FARGO, N.D. (AP) -- North Dakota's top federal prosecutor says a new Justice Department policy on electronic recording is a good idea and cites a recent case in which prosecutors had to deal with competing confessions.
A federal public defender calls it an important step.
The new policy assumes that agents will record interviews with suspects who have been taken into custody, but haven't appeared in court.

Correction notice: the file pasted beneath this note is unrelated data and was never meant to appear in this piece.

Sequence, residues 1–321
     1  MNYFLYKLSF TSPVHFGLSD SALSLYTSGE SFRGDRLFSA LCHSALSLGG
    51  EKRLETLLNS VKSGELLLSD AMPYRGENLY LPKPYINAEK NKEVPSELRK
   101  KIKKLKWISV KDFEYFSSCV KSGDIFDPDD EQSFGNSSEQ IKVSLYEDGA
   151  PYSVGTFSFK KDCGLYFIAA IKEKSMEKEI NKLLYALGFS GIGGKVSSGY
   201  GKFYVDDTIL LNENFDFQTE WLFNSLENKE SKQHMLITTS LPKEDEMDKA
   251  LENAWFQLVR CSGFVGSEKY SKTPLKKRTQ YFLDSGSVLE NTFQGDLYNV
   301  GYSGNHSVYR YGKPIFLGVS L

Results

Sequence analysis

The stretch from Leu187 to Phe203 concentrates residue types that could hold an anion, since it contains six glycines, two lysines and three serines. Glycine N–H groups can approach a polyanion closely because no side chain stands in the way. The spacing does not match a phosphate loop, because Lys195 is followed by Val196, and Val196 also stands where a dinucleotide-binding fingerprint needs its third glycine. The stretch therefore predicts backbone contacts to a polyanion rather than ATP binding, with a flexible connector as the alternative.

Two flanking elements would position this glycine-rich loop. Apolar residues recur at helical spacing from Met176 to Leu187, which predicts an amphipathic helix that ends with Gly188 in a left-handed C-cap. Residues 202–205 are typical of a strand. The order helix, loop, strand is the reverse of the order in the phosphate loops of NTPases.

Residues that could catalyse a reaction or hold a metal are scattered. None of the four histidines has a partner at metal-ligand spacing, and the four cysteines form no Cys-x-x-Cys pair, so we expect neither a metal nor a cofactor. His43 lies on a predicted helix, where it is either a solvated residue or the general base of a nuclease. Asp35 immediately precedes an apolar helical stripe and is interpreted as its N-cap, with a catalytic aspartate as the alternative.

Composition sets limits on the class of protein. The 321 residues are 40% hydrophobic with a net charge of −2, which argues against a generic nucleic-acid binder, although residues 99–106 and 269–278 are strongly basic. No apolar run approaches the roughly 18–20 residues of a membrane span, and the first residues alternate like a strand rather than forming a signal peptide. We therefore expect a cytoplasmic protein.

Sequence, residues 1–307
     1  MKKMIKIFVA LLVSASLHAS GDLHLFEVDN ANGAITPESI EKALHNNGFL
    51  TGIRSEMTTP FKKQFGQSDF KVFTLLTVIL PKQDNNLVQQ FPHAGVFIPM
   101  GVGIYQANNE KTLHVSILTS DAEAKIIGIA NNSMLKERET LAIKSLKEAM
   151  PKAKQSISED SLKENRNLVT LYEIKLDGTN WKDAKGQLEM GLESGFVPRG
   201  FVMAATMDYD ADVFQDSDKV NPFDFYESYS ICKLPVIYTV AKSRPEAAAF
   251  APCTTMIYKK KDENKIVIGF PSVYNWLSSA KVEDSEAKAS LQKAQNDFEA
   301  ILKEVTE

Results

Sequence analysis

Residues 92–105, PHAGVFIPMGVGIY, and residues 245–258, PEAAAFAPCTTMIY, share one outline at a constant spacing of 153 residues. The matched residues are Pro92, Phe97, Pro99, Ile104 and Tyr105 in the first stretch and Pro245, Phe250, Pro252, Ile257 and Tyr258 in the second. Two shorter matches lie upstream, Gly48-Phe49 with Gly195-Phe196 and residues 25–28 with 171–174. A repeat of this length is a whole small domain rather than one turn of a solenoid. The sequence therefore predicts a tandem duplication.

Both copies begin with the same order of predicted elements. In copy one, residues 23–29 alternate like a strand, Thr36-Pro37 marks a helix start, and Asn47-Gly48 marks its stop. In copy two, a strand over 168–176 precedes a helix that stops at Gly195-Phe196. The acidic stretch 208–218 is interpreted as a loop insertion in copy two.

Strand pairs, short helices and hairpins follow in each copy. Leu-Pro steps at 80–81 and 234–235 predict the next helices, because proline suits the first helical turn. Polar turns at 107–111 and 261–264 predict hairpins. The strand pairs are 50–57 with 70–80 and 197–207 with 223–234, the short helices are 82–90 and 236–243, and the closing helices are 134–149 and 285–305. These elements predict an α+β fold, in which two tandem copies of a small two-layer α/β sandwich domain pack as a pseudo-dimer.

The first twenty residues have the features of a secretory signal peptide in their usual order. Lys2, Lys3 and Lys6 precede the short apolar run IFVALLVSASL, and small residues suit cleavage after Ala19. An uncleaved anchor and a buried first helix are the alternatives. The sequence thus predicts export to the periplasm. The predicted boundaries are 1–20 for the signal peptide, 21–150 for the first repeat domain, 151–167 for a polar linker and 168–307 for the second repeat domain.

U.S. Attorney Timothy Purdon says recordings were key pieces of evidence in a recent North Dakota case involving a man convicted of killing two children on the Spirit Lake Reservation.
Neil Fulton, head of the federal public defender's office for the Dakotas, says the policy shift is important to help ensure a ''full and fair court review'' of statements, but noted that it doesn't cover all interviews.